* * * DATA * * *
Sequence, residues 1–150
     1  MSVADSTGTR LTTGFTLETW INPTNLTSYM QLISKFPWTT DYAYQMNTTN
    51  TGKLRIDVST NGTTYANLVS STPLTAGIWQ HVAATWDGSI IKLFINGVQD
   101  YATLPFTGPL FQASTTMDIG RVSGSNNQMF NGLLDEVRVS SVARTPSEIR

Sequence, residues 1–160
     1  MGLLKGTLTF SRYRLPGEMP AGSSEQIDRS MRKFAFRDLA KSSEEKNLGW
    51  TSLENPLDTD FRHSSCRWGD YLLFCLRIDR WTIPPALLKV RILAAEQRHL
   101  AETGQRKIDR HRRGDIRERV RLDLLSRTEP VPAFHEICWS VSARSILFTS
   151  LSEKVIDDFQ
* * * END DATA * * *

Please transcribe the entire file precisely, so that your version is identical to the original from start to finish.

Sequence, residues 1–150
     1  MSVADSTGTR LTTGFTLETW INPTNLTSYM QLISKFPWTT DYAYQMNTTN
    51  TGKLRIDVST NGTTYANLVS STPLTAGIWQ HVAATWDGSI IKLFINGVQD
   101  YATLPFTGPL FQASTTMDIG RVSGSNNQMF NGLLDEVRVS SVARTPSEIR

Sequence, residues 1–160
     1  MGLLKGTLTF SRYRLPGEMP AGSSEQIDRS MRKFAFRDLA KSSEEKNLGW
    51  TSLENPLDTD FRHSSCRWGD YLLFCLRIDR WTIPPALLKV RILAAEQRHL
   101  AETGQRKIDR HRRGDIRERV RLDLLSRTEP VPAFHEICWS VSARSILFTS
   151  LSEKVIDDFQ